Write well. Write often. Edit wisely.
What should an editor do for a writer?
There are different levels of editing, so the answer to the question of what an editor should do can be complex. But every editor can adhere to some standards—
Return edited manuscripts on time.
Keep abreast of current spellings (words change spelling with time) and technical jargon.
Read a manuscript more than once.
Refuse to hold back skills, knowledge, opinions. The client is paying for honesty and diligence.
Be frank. Don’t be swayed by a client’s talent or fame or subject knowledge.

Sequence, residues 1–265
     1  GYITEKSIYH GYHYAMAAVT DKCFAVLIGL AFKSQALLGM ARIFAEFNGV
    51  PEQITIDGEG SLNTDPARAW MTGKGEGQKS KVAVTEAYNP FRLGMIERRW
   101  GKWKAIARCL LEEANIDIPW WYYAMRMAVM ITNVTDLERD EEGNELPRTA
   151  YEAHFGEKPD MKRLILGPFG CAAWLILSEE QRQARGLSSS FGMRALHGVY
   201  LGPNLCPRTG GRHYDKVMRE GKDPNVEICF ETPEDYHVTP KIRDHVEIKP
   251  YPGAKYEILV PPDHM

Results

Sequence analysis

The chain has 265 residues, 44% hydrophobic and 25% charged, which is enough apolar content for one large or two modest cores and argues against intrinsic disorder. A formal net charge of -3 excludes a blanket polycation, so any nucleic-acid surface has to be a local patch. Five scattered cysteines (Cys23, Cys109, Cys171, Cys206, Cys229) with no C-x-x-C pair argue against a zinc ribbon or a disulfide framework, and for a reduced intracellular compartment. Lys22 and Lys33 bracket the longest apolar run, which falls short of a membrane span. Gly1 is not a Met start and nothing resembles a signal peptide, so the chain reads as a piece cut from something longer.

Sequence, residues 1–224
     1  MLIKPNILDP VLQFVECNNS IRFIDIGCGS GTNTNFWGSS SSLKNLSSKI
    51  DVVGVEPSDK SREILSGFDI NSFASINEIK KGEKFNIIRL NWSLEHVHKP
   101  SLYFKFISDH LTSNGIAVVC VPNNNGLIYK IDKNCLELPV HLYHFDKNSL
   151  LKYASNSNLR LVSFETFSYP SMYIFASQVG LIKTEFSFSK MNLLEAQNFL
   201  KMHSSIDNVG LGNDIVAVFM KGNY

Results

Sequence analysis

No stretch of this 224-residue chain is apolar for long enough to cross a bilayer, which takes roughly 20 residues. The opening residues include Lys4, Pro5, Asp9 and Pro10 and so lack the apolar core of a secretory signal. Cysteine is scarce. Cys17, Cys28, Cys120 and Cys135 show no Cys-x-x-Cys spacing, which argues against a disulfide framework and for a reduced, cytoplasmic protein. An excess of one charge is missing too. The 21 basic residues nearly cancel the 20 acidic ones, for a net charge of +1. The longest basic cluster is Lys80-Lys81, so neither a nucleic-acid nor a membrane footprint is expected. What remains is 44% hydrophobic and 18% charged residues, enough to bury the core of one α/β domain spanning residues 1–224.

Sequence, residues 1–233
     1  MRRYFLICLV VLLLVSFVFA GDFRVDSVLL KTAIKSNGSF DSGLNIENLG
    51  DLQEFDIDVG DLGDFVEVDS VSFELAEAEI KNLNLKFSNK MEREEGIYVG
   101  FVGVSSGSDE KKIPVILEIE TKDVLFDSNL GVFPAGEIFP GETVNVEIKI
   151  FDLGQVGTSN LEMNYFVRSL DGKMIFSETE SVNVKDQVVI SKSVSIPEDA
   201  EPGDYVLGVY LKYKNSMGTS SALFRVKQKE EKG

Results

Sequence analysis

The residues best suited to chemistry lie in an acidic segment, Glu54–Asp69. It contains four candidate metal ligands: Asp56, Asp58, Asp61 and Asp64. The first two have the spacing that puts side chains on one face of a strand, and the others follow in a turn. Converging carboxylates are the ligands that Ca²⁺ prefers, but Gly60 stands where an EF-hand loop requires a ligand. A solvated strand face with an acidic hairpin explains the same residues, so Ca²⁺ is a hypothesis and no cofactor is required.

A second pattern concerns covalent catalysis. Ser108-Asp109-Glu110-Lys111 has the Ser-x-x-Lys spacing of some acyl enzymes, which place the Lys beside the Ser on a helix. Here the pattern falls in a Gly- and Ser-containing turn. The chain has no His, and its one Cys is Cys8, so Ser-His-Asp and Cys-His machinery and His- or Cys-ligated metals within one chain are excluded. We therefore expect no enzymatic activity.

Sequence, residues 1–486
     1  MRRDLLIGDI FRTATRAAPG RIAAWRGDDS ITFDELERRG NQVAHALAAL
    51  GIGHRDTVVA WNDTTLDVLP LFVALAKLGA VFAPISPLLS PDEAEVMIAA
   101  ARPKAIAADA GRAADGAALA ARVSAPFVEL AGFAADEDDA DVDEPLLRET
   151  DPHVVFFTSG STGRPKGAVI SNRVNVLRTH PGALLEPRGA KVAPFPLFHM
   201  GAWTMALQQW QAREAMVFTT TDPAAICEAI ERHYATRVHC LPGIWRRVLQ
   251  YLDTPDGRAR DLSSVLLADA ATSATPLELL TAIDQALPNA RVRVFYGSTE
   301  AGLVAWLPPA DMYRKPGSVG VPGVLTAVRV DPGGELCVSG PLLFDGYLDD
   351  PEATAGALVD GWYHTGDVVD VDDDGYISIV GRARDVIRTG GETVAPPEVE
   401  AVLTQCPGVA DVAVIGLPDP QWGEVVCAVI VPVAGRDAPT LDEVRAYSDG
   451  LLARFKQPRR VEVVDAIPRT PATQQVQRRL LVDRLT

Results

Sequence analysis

Look up supposed facts—dates, events, history.
Point out sections that sound like gibberish.
Point out sections that sing.
Turn down an edit if the manuscript isn’t ready.
Suggest a different beginning, if warranted.
Suggest a different ending, if needed.
Recommend cutting characters, phrases, paragraphs, scenes, chapters, dialogue, description and events that don’t adhere to or enhance the story’s plot or tone.
Don’t just cut—make concrete suggestions for changing or adding to the story.
Learn genre requirements and expectations.
Be open to something new or unexpected.
Remember that it’s not your story.
Looking for the specifics of an editor’s job? Read Duties of an Editor/How Editors Help Writers.